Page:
Granby/William Hamilton " President George W. Bush: His place in history?
Some war-time presidents aren’t popular. George W. Bush’s poll numbers (30.8-percent) prove it. Even though more popular than the Democrat-controlled Congress (18.7 percent), President Bush’s popularity also suffers from being a lame duck and from having no vice president in the White House trying to become president. This scenario hasn’t happened since President Truman, who left office with an approval rating of only 22 percent.
Abraham Lincoln was an unpopular war president. Lincoln prosecuted the Civil War using fascist tactics. Lincoln charged 11 Southern states with rebellion. He sent the Union Army to arrest their leaders. With habeas corpus suspended, some rebels were arrested without warrant, held without bail, their homes subjected to warrantless searches, telegraph wires were tapped, and Confederate spies summarily executed.
Winning helps. Also, he freed the slaves.
Woodrow Wilson was re-elected in 1916 on a promise to stay out of WW I. But, as he told a group of pacifists, the U.S. had to enter the war so he could be seated at the peace conference. Later, Wilson, Lloyd George, Georges Clemenceau, and Vittorio Orlando FUBARed (technical military term) the Treaty of Versailles so badly that they made WW II virtually inevitable. Wilson died a broken man.
Until Japan’s sneak attack on Pearl Harbor, FDR’s desire to fight Hitler had little popular support. Only then did FDR have the support of the mainstream media and the general public. Winning boosts one’s place in history.
Harry Truman was an unpopular war-time president (only 22 percent approval) who declined to run for re-election versus a winning general from WW II who promised to go to South Korea and accept the status quo ante. Eisenhower was a popular president because he ended the Korean War.
Had he not been assassinated, JFK might have been an unpopular president for deepening the U.S. commitment to replace the French in Vietnam. LBJ’s fear of being “less than JFK” compounded JFK’s error. LBJ ended up afraid to run for his own party’s re-nomination.
Nixon-Kissinger had the Vietnam War “won” a la Eisenhower by settling for the status quo ante; however, Congress refused to honor Kissinger’s Treaty of Paris and left the ammunition-depleted South Vietnamese to be overrun in 1975. Losing Vietnam hurt President Ford.
Unless one counts converting Iran from friend to foe, Carter wasn’t a war president. Carter’s low was 28 percent.
Ronald Reagan won the Cold War with a combination of economic and military cards played with deft hands by Reagan and Prime Minister Margaret Thatcher against a Soviet Empire crumbling after 73 years of the flaws inherent in communism. Winning helps.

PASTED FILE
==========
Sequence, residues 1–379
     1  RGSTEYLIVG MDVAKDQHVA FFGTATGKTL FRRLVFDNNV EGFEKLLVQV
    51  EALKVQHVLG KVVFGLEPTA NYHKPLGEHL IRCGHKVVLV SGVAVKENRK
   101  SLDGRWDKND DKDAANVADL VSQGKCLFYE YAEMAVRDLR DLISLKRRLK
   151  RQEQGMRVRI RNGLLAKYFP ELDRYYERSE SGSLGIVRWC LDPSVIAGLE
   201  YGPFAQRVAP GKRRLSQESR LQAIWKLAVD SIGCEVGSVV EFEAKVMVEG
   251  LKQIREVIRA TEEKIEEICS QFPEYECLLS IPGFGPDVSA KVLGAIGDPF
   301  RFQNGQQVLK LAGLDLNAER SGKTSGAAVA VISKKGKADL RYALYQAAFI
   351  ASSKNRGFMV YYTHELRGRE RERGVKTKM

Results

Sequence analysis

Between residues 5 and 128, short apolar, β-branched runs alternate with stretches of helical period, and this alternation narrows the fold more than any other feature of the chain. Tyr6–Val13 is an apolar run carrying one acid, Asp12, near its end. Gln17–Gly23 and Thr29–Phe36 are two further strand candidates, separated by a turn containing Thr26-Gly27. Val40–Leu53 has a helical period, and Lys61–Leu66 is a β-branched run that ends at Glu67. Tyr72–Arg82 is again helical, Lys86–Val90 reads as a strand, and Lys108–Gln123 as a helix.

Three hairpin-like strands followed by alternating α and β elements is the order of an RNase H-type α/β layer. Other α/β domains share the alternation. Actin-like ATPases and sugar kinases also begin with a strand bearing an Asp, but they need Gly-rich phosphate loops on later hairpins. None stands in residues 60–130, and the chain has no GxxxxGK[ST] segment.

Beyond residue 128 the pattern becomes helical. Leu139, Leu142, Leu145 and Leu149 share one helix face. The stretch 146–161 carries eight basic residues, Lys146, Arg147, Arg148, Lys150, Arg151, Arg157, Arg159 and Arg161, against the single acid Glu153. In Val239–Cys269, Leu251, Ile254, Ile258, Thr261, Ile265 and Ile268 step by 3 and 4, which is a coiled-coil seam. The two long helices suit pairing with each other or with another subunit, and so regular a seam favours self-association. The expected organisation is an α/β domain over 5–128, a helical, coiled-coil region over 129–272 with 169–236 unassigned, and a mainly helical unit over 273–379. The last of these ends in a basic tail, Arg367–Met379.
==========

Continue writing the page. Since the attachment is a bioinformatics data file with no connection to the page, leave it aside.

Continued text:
Troops under George H.W. Bush won Gulf War I in 100 hours; however, Bush’s popularity (89-percent) was wiped out when Bush broke his pledge of “no new taxes.” By 1992, his popularity dropped to 29 percent. George H.W. Bush was beaten by Bill Clinton.
Writing in USA Today on June, 30, 2004, this observer opined that George W. Bush could claim victory in the “heartland” of the Middle East if our efforts prevent Iraq’s oil revenues from fueling al-Qaeda, if Iraqis could choose their own government, if the terrorists leave Iraq and if the region is left with an independent Iraq sitting between Persian Iran and its Arab neighbors to the West.
Four years later, al-Qaida in Iraq is virtually dead. The Iraqis are handling their own affairs. Many of the terrorists have moved to the caves of Afghanistan or Pakistan and Iran is, so far, check-mated from achieving hegemony over the Persian Gulf and is stopped from further westward expansion.
Will history see the cost in blood and treasure as worth it? Only time will tell.
While the zeal of George W. Bush for the promotion of democracy is commendable, what he has done with regard to our national security (a la Lincoln, FDR, Truman, Eisenhower and Reagan), will be the basis upon which history will render its final judgment.
” After earning degrees from Oklahoma, the George Washington University, the Naval War College and Nebraska, syndicated columnist and featured commentator for USA Today, William Hamilton, studied government and politics at Harvard’s JFK School of Government.
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